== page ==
The euro has had a good run. Is it running out of luck? UBS Wealth Management thinks so, explaining it is time to cash in on gains given “limited upside” in the next six months.
The euro has surged 11.9 per cent on the dollar this year, as the currency bloc’s economy has looked brighter than expected, and forecasts for policy tightening at the Federal Reserve have dimmed substantially on the back of lacklustre US data.
But the risks are now growing that the buck could rebound, at least over the short-run, according to UBS Wealth’s chief investment officer Mark Haefele.
“With market participants having now largely unwound expectations for rate hikes over coming months, there is … some potential for dollar strength if the US Federal Reserve signals a greater willingness to proceed with policy normalisation,” Mr Haefele said.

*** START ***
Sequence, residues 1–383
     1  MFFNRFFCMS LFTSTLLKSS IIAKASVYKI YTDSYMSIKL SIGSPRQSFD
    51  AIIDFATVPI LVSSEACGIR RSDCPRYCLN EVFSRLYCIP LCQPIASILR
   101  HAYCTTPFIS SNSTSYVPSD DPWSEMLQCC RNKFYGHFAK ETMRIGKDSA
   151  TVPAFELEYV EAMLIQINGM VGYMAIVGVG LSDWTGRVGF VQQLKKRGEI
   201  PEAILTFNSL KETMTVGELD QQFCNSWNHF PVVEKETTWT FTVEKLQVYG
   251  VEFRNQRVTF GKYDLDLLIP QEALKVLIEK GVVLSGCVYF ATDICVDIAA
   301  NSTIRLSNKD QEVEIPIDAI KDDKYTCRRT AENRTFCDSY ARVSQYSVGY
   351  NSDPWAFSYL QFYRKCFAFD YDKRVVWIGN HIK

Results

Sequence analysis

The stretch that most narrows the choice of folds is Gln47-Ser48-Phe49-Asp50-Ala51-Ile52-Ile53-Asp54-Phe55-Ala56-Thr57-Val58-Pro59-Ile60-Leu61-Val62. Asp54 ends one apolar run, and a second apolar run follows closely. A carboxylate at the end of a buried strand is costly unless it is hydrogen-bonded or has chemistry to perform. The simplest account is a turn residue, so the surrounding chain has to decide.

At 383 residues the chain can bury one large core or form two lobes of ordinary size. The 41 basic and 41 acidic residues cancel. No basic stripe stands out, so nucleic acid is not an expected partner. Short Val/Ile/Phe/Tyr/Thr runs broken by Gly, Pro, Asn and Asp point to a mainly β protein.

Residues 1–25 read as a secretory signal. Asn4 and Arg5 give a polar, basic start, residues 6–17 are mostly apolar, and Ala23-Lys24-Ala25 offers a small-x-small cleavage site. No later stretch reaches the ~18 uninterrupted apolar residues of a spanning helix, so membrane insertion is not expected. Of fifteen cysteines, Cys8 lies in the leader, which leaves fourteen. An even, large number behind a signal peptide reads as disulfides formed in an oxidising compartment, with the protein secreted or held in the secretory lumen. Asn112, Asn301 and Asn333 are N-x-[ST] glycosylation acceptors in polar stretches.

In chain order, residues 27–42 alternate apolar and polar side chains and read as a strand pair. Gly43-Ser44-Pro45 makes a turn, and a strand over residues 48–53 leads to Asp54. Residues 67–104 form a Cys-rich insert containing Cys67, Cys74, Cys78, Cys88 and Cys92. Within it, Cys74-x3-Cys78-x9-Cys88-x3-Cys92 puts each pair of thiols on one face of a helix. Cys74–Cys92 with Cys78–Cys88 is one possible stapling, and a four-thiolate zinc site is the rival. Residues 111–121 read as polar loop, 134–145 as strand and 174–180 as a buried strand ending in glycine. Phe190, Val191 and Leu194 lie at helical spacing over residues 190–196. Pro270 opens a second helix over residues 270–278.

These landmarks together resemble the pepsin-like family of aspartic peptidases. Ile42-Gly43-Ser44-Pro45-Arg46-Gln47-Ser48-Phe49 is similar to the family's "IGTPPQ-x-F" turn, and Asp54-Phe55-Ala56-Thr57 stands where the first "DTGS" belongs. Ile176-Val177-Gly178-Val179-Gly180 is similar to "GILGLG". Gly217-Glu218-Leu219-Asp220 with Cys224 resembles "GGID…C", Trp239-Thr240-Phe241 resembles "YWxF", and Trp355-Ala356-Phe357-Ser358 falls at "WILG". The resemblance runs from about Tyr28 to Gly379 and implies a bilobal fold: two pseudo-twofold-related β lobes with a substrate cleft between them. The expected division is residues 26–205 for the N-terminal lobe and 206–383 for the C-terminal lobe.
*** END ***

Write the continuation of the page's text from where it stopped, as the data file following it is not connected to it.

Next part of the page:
There is also the “possibility of a short-term US dollar rebound if the US passes a tax reform package or raises the debt ceiling without incident.”
Overall, the wealth manager reckons the dollar’s overvaluation compared with the euro has fallen from about 20 per cent at the start of this year to 7 per cent at present.
UBS’s view contrasts with data released late last week that indicated speculators, such as hedge funds, have been boosting bets that the dollar will extend its sharp 2017 fall.
Mr Haefele added that it is also time to begin taking profits on the euro versus the Swiss franc, saying that, “the euro’s rise against the Swiss franc may continue over the long term, we think the near-term rally may have run its course.”
“Geopolitical tensions stemming from North Korea might further limit the upside for [the euro against the franc] in the near term,” he said.